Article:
Ben- Block and stop all communication with them. Nothing good will come from it. Make a record of all previous communication. Get a restraining order. Then tell everyone that are your friends and neighbors what’s going on so they can help you.
Rob- If you’re reaching for your gun, then you can’t use that hand to stop the blows from your attacker. How did our defender use her firearm while she was being attacked?
Ben- Perseverance. There are a lot of techniques but you just have to keep fighting until you can get the gun out.
Rob- How hard is it to stop shooting once you start?
Ben- Sometimes really hard, sometimes easy. You have to think about it and plan it.
Ben- One thing we miss here, is how close she came to dying multiple times. We need to be prepared to fight back at the first problem. Awareness and readiness are the key.
Our third story happened in Fremont, CA
Rob- First this message from the second amendment foundation.
You get a message from your alarm company at 10 at night. You check the video systems and see someone trying to break into your gun store. You and your dad go to the store to investigate.
No one is inside the store and the doors seem secure. The police also come to check on the alarm. You’re getting ready to leave when you see the man on the security video walk by your store. You stop him and call the police. The police are back in minutes and arrest the man.
A short time earlier, several men ran a truck through the front of another gun store. The police found one of the guns in the seat of your robbers truck.
No shots fired. Video system. Teamwork.
Ben- I’m glad our store owner kept his guns from being stolen by criminals. He could have left it up to the police, but he put in the time and effort to make all of us safer. I like that he brought a partner. He investigated the alarm. He watched the video. He spoke to the police. Like our first story, this defender was aware of the world around him, so he noticed his suspect come back to the store. He held the suspect for police and called for help.
Rob- We usually wouldn’t suggest grabbing a robber.
Ben- True, but these aren’t usual times. Especially in big cities and the surrounding areas. If you can do it easily, do it, make sure there is no danger to you.
Rob- We say we shouldn’t use lethal force to stop theft of property.
Do you feel the same way when criminals try to rob a gun store?
Ben- There is a difference between theft and robbery. A thief picks your pocket. A robber uses force or the threat of force to take your wallet. You have a legal and moral justification to use force to stop a robber. Same difference between Burglary and Robbery.
Ben- Our forth story took place south of Johnstown, Pennsylvania.
You hear the sound of breaking glass. It is a few minutes before midnight. You get up and go investigate the sound. You shout to your husband and to the two other people living in your home. They say they are unhurt. You hear someone in your basement. You shout that you’re armed and for him to go away. You shout that you’ll shoot. Your intruder is almost to the top of the stairs when you press the trigger. Your intruder falls backward down the stairs and you stop shooting. You retreat, and then you and your husband call 911.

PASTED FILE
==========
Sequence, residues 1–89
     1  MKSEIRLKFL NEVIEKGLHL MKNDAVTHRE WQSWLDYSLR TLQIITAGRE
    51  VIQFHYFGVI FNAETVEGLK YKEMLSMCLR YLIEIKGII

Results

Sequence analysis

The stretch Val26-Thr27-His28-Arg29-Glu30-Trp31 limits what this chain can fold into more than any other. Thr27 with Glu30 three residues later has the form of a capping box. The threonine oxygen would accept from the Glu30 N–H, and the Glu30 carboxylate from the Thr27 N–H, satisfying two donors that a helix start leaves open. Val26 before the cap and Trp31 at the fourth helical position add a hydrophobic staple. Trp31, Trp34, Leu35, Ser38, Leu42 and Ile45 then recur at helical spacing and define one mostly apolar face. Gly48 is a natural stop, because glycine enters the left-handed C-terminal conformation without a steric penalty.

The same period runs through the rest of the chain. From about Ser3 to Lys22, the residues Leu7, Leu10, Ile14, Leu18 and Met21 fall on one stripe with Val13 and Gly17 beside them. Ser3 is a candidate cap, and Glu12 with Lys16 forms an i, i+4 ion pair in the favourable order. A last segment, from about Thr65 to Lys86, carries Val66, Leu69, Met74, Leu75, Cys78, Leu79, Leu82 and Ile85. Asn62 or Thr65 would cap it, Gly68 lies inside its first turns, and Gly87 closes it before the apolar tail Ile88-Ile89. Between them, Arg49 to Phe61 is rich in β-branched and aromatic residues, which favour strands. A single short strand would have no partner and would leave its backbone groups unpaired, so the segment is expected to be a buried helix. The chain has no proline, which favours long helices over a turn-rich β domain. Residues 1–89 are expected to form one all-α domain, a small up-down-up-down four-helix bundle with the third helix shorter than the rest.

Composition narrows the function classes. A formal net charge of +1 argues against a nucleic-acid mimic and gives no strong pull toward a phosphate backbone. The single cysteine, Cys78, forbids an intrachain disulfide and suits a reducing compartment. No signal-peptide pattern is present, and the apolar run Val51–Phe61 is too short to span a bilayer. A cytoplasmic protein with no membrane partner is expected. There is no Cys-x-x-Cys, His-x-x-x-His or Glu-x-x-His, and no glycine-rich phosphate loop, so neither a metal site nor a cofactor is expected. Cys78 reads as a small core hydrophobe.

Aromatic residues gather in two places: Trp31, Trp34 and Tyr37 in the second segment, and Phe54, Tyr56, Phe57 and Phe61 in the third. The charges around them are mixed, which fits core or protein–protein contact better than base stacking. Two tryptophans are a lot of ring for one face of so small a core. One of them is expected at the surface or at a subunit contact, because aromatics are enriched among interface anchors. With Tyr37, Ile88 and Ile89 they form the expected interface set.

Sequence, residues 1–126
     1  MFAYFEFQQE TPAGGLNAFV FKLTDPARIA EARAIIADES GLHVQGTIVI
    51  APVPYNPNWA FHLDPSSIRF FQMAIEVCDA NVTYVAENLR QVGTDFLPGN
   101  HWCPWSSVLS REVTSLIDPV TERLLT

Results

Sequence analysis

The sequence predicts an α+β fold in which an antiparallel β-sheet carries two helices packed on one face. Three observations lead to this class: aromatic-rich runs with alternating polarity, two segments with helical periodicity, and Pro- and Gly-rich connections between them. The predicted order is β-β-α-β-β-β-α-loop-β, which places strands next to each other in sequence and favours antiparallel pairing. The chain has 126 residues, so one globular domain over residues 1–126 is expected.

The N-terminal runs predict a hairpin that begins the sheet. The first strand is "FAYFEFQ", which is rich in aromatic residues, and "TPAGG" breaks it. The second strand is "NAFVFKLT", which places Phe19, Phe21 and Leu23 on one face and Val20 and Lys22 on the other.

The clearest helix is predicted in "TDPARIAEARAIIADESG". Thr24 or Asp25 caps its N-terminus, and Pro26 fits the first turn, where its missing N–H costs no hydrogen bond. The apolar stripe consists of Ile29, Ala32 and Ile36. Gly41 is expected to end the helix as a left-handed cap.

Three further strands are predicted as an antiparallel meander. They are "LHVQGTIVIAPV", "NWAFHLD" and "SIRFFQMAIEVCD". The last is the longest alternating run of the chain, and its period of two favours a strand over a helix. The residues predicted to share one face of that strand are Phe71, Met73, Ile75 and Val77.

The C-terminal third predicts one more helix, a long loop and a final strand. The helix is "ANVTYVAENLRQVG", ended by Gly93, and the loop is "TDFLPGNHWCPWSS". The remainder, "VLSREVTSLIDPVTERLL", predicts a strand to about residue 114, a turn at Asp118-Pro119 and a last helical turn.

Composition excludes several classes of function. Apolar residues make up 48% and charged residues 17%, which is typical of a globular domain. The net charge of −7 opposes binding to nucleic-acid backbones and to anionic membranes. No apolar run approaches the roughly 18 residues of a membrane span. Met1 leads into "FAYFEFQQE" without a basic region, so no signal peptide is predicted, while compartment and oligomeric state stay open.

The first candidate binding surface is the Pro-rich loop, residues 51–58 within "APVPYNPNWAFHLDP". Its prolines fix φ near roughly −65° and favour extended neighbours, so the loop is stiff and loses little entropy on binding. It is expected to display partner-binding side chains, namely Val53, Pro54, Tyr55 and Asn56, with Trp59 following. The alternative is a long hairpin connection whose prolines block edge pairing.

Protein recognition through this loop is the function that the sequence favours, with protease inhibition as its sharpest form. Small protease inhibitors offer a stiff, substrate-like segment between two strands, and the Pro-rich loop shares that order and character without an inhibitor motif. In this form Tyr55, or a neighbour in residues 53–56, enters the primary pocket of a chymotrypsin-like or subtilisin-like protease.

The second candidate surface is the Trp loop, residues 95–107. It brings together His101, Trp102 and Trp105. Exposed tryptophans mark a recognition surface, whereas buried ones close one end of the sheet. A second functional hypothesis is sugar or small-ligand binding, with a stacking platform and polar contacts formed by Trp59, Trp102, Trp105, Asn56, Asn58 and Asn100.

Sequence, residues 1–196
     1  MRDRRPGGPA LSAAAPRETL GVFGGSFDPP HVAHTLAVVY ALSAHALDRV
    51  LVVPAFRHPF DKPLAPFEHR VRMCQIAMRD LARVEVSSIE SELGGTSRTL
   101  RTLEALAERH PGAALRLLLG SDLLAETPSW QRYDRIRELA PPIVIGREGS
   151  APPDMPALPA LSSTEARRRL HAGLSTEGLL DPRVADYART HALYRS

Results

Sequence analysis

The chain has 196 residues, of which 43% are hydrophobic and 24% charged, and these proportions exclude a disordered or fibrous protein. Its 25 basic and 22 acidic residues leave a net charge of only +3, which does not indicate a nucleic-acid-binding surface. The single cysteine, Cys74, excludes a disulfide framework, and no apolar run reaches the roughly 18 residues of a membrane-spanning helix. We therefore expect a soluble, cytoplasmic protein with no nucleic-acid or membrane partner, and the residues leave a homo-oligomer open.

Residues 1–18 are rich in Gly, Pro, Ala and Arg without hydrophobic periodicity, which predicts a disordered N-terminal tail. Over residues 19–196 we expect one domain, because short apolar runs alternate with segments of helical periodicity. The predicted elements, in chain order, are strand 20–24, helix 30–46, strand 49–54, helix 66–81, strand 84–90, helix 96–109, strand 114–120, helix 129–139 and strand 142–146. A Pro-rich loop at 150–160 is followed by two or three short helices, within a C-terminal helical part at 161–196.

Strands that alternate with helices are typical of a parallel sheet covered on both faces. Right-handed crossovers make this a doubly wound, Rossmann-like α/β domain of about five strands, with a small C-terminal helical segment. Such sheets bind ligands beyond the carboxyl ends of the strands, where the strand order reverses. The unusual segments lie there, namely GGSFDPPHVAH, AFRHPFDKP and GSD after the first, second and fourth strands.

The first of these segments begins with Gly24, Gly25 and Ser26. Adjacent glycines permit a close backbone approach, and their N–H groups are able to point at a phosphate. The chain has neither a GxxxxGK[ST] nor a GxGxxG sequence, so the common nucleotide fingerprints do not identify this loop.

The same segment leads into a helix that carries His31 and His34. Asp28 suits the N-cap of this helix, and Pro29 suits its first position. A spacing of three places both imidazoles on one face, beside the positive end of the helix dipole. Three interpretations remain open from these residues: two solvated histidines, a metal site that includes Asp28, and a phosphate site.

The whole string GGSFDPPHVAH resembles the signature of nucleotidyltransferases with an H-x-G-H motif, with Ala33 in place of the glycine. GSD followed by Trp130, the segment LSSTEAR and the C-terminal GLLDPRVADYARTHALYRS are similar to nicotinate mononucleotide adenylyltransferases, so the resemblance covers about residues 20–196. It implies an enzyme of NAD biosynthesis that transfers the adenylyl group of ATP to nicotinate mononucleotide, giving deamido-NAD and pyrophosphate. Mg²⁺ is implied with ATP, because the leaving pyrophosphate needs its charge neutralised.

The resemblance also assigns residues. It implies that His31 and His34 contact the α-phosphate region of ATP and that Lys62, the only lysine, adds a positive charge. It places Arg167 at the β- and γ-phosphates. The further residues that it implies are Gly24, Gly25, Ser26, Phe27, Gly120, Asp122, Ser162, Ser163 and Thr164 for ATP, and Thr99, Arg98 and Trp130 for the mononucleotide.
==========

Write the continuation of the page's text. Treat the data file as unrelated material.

EMTs declare your intruder dead at the scene. Police interview you, your husband, and everyone else in your house. The police tell you that your intruder lived a few blocks away, but you’ve never seen him before.
Tactical advantage, verbal warning, decision distance, female vs male, family defense
Ben- Again, we have a male attacking a female. He broke into her home. He advanced on our defender after she gave verbal warnings. She was in a good defensive position. She stopped her attacker before he got within arms reach of her. She also got him stuck in a disadvantaged position. She stopped shooting when the threat stopped, and she called the police.
Rob- That is a lot of things for her to do correctly. Why did she succeed?.
Ben- She had a defensive tool.
Defensive position at the top of the stairs.
Mental line in the sand.
Stopped shooting and didn’t chase. (Don’t turn a justified defense into an unjustified one.)
Called the police, and said little.
Rob- How will new gun owners learn to defend themselves as this woman did?
Ben- Study. Mental rehearsal. Physical practice. And of course training classes.
Rob- I notice that our defenders succeeded, but it wasn’t because they were particularly fast or accurate shots.
Ben- It usually takes more time making the decision about what to do than pressing the trigger. Knowing what you should do, and what you can do means you need very little attention for accuracy and speed. And this one she set up on him and had all day. Tactics can trump firearms skills when they are used correctly as this lady did.
Last thing, she checked on everyone else in the house before defending herself. She knew the person she was engaging wasn’t someone that lived in the house.
Exit- Rob- that wraps up this episode. Ben, thank you for helping us again. Where can we learn more about you?
Ben- Contact for me at Modern Self Protection.com. I live in San Antonio, and most of my classes are in central Texas. I teach armed self-defense and church security. Listeners can see my class schedule at my website, and they can also listen to my weekly podcast Modern Self-Protection.
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I’m Rob Morse. We’ll be back next week with more Self-Defense Gun Stories.